The myth and reality of 'President' Strauss-Kahn

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'Polls are about popularity, not votes'

But some Socialists already fear a poorly constructed candidacy, one created by the press, fed by opinion polls and bolstered by political commentators. They see a sort of repetition of the run-up to the 2005 referendum on the European Constitutional Treaty when the near-totality of the press and the "experts" called for a "yes" vote but which was soundly rejected by the voters. They also recall the 1995 presidential election which was lost by Edouard Balladur, who campaigned while prime minister against fellow conservative right rival Jacques Chirac, despite a substantial lead in the opinion polls.

The surprise of the 2002 presidential election when the far-right National Front candidate Jean-Marie Le Pen came in second place also comes to mind1 as does the 2007 presidential election in which the popular Socialist candidate Ségolène Royal lost to Nicolas Sarkozy. This fear is expressed by alternative press outlet Fakir, which produced a long article on DSK, and on the blog of anti-capitalist activist Raoul-Marc Jennar.


These commentators point out DSK's close relationship with the business world, and with the press. His public relations are handled by members of the Euro RSCG advertising giant. Strauss-Kahn can also count on the support of his former communications advisor, Ramzy Khiroun, now special advisor to French business executive Arnaud Lagardère, head of the Lagardère Group, who's holdings range from the defence and aeronautics industries to media and publishing. Khiroun is spokesman for the Lagardère Group. Its many media outlets include weeklies Paris Match and le Journal du Dimanche, magazine Elle and radio station Europe 1. The group also recently poached journalist Denis Olivennes, who is considered close to DSK, from the left-leaning weekly Le Nouvel Observateur. Questioned by Mediapart about these links, Ramzy Khiroun refused to comment, but denied any conflict of interest. "Friendships are one thing, a career path is another," he said.

"For the past six months, we've been witnessing a repetition of what happened in 2006 when, based on the faith of opinion polls that were fragile but unanimous, predictions claimed that Socialist Party members had massively designated Ségolène Royal as candidate," explained Patrick Lehingue, professor of political science at the University of Picardy (northern France) and the author of Subunda, coups de sonde dans l'océan des sondages, a look into the troubled waters of opinion poll production and interpretation. According to him, "everything is happening as if no lessons were learned from past failures and especially from the fact that the figures given by polling institutes cannot be taken as read. At 500 days before the ballot, we don't even know who the candidate will be, or their ability to mobilise the electorate or their platforms," he added.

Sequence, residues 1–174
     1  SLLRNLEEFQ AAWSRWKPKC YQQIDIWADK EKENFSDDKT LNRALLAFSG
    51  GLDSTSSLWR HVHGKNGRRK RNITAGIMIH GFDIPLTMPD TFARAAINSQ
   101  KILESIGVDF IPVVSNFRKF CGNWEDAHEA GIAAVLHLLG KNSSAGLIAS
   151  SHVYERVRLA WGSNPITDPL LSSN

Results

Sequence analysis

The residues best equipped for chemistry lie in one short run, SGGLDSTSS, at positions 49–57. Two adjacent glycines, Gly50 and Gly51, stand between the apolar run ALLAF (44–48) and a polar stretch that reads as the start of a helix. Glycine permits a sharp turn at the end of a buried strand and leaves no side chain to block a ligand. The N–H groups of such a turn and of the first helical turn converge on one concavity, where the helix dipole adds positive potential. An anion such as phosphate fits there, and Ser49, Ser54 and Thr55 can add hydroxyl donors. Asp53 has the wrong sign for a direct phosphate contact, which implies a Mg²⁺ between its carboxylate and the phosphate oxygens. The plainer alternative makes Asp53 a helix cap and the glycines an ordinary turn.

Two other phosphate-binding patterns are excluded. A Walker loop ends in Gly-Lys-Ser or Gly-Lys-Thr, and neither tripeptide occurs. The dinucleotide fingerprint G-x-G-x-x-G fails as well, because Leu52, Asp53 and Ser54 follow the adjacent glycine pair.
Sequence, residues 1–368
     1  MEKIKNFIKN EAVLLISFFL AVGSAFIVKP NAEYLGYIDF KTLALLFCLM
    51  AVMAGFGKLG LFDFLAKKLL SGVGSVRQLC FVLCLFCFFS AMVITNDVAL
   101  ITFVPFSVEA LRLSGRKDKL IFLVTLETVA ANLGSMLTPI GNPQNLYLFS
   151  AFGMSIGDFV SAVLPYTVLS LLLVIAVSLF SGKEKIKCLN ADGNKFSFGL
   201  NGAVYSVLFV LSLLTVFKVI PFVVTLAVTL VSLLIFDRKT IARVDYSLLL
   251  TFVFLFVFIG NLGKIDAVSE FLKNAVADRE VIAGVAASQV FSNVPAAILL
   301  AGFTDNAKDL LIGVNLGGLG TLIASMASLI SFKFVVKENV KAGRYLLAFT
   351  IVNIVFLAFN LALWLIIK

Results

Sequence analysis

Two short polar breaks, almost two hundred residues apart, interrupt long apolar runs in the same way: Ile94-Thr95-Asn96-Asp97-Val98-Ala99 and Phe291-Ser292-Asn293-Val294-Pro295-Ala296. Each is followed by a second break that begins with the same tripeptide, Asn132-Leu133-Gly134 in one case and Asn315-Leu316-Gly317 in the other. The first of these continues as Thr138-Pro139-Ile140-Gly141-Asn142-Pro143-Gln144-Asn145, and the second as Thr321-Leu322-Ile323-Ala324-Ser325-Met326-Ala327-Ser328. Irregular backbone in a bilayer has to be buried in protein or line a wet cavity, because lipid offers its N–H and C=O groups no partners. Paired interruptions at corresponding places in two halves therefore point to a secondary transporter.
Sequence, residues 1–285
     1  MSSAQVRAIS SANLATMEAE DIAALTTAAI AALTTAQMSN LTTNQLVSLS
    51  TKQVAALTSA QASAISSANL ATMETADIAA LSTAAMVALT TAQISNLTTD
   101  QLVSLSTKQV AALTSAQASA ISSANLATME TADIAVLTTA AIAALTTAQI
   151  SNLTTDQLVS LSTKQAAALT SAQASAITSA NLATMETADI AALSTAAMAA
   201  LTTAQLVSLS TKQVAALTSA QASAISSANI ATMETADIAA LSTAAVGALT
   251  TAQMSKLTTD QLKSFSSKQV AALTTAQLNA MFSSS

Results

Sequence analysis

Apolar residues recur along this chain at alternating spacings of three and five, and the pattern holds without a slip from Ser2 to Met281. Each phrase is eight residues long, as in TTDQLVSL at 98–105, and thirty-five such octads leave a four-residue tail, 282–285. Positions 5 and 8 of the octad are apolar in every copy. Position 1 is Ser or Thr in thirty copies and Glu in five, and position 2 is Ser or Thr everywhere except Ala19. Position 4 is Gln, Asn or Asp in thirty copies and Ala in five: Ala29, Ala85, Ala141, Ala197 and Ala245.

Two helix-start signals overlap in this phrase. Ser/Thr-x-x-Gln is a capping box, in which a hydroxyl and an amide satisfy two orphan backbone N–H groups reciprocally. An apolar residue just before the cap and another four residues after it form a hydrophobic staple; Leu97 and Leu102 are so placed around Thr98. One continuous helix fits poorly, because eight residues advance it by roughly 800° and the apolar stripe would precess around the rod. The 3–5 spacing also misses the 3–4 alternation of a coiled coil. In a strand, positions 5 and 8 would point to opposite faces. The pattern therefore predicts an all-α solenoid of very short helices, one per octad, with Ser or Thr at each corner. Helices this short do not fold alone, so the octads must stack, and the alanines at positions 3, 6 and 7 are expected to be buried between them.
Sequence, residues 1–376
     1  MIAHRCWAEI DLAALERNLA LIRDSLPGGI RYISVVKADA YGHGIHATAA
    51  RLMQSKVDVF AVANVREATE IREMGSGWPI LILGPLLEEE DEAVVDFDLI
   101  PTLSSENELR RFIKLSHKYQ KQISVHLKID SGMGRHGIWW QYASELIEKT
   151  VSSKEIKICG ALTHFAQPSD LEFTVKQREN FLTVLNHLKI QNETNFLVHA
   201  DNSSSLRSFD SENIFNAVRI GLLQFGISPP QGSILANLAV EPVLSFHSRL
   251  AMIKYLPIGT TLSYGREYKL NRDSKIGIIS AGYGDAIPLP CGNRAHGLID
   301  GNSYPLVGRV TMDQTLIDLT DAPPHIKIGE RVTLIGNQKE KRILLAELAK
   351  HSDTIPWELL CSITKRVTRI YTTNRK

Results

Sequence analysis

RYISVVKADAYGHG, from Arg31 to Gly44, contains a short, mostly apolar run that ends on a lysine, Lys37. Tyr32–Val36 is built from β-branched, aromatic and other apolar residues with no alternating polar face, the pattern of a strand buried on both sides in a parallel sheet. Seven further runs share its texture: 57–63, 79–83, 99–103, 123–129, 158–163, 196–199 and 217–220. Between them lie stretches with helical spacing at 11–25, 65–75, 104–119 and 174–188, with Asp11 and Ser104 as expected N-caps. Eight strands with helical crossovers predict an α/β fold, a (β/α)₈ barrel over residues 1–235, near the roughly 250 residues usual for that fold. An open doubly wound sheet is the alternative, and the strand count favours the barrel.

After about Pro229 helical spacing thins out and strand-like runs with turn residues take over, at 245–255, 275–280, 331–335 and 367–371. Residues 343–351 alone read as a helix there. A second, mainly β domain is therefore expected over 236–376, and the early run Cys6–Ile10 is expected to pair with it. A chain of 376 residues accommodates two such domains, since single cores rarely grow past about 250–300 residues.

For Alain Garrigou, professor of political sciences at the University of Paris at Nanterre and founder of the Observatoire des sondages (Opinion Poll Observatory), DSK is also "inevitably in part a creation of opinion polls because of the median voter theory," according to which, if you question all voters about the PS, the right-wing voters will seek the left-wing candidate whose ideas are the closest to their own. In addition, "the majority of opinion polls are not about voter intent but about popularity ratings which are more favourable to those talked about in the media. It's a circular system," Alain Garrigou noted. Furthermore, the questions asked by the polling institutes "are not posed in real life," he argued.

"Today you and I are the only ones thinking about the presidential election. People who are not directly concerned have other problems," admitted Dominique Reynié, the often-quoted director-general of the Foundation for Political Innovation (which is close to the conservative ruling party, the UMP). "The fact that DSK is reduced to silence in a society in which there is so much talking actually magnifies his aura and causes people to speak in his stead. We are witnessing a very impressive organisation of wishful thinking and a mirror effect in which the commentators find, through him, the stereotype of a respectable person. He's at the head of the class , he's well-educated. DSK offers everything that we [in official circles] have been taught to recognise as a sign of competence," he added.


1: The result of the April 21st, 2002 first round of the presidential race resulted in a second round run-off between conservative right RPR (which became the UMP) leader Jacques Chirac and Jean-Marie Le Pen of the far-right National Front. The then-prime minister and Socialist Party candidate, Lionel Jospin narrowly lost, contrary to opinion poll-based expectations.

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